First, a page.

Also, go to the Khan el Kalili bazaar. Its really fun to bargain and you can find some incredible hand-made items (brass plates, mother-of-pearl inlaid boxes, gold, silver, etc.).

Though I didn't get to them, I have been told that the Iben Toulin mosque and Gare Anderson house are "must see" places in Cairo.

The Cairo Museum was very amazing - with King Tut's treasures (most famous funerary mask, etc.), mummies, sarcaphoguses, etc.

The Aswan Oberoi on Elephantine Island is also really nice. Its on its own little island across from Aswan so you don't hear the beeping of horns or feel the hustle bustle of the streets.

The Luxor Hilton is also very nice but out of the way (very close to Karnak Temple but farther from the city of Luxor).

In Luxor we also hired a guide through American Express Travel. He was very knowledgeable and spoke great English. We liked him so much that we retained him for 2 days. He really kept the people selling trinkets away from us and helped us figure out the Valley of the Kings/Queens, etc.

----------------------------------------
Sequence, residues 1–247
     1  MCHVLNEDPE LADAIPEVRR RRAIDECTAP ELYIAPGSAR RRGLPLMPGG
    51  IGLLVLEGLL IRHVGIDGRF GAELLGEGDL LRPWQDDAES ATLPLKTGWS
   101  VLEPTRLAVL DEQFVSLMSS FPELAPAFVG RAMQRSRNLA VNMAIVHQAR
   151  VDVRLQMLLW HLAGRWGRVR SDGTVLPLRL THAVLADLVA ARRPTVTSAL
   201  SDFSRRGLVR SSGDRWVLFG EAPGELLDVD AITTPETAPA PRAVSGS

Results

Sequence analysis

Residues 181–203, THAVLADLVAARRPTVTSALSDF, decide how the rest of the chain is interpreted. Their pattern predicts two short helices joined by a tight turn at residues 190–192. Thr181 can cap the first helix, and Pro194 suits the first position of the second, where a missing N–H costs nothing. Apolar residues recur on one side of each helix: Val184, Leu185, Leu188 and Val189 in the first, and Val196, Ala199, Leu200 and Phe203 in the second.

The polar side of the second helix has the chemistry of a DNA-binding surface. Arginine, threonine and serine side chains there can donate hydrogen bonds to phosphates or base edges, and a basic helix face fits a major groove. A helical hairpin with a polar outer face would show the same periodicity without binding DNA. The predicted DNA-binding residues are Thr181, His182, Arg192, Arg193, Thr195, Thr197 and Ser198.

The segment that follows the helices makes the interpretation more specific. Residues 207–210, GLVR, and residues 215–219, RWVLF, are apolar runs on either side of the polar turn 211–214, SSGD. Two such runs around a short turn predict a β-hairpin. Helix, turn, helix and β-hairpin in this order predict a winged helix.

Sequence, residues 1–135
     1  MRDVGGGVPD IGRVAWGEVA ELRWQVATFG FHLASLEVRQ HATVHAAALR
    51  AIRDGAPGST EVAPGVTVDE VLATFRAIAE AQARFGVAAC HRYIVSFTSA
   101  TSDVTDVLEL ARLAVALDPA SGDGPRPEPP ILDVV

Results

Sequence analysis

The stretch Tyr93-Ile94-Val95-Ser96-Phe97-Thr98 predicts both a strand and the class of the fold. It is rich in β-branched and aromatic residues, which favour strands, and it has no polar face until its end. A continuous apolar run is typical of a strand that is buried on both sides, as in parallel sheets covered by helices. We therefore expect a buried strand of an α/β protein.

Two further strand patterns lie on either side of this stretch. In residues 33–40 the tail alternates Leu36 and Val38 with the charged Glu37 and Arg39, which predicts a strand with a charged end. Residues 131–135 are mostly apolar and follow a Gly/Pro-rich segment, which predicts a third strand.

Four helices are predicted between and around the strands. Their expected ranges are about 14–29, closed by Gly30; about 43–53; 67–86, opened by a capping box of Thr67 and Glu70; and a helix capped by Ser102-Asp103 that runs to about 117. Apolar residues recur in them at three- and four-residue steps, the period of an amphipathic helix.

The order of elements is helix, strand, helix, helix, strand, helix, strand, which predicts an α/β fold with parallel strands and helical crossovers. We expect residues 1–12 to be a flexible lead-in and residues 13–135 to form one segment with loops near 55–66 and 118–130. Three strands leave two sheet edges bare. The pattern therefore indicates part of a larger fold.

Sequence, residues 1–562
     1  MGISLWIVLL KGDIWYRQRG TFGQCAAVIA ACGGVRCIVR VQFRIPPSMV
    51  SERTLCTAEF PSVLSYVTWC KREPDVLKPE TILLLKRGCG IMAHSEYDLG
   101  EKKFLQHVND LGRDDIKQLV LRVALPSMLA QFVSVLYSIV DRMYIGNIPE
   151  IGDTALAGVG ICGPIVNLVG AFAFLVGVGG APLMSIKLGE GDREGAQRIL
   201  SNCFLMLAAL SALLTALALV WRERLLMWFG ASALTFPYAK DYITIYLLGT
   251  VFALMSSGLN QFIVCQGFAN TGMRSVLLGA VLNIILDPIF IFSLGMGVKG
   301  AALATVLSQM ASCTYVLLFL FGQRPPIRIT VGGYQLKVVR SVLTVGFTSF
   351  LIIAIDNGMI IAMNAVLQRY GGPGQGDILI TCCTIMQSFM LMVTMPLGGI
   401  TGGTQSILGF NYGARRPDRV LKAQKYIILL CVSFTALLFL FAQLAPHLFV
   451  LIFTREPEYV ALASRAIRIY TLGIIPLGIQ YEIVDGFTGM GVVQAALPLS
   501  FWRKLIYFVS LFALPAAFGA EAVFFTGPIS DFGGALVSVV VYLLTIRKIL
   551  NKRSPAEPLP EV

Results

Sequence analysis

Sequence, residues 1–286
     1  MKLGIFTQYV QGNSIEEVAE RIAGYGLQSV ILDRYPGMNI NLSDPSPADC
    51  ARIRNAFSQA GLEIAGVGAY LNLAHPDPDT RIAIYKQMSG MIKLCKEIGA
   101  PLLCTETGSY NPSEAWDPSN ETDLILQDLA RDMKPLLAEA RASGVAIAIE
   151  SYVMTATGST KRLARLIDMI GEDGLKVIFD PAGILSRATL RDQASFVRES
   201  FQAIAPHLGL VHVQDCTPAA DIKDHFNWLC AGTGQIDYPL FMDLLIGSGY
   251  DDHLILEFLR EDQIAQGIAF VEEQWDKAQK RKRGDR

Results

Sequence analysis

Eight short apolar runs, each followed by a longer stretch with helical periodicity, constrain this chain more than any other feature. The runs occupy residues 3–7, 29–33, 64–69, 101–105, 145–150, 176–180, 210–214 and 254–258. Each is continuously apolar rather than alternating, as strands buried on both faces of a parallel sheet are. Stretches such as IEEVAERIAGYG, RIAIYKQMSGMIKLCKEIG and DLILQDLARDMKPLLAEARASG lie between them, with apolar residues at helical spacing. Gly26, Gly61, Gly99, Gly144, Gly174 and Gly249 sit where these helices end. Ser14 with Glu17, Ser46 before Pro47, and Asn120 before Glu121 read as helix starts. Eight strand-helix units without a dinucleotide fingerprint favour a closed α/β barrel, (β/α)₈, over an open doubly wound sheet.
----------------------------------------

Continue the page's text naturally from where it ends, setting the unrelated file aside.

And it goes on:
I was there for 2 weeks, brushed my teeth with tap water, drank bottled water, chose my food carefully and was fine. No health problems. We took immodium tablets every other day as a precaution.

Best Arabic words to know (I may butcher the spelling...)
shukran = thank you
la = No!
or combine them for la shukran or no thank you!

Have fun and enjoy the differences. People who get annoyed by constant bargaining (to buy water, to get a taxi, etc.) or by people always wanting money or those trying to sell you things might not like it. If you take it in stride, smile and say no thank you (or la shukran!), you will have a much better time and actually learn to appreciate Egyptian culture.



 
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Jun 25th, 2000, 06:01 AM
  #15
lorena aguilar
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Thanks for a great set of ides. I am going with a group of eight to egypt and will like to have some advice.

Can we go on our own to the pyramids. rent a taxi in Cairo? Should we ask to stay, or can we get a taxi back?

Howw will you recommend to go to Luxor? Should we book our airfare from abroad? How is a good travel agent

Any help will be great.
 
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Aug 6th, 2000, 04:48 AM
  #16
M.E.Topper
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To the top for Kierstan (sound and light info herein)
 
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May 21st, 2001, 08:26 AM
  #17
carolyn wilson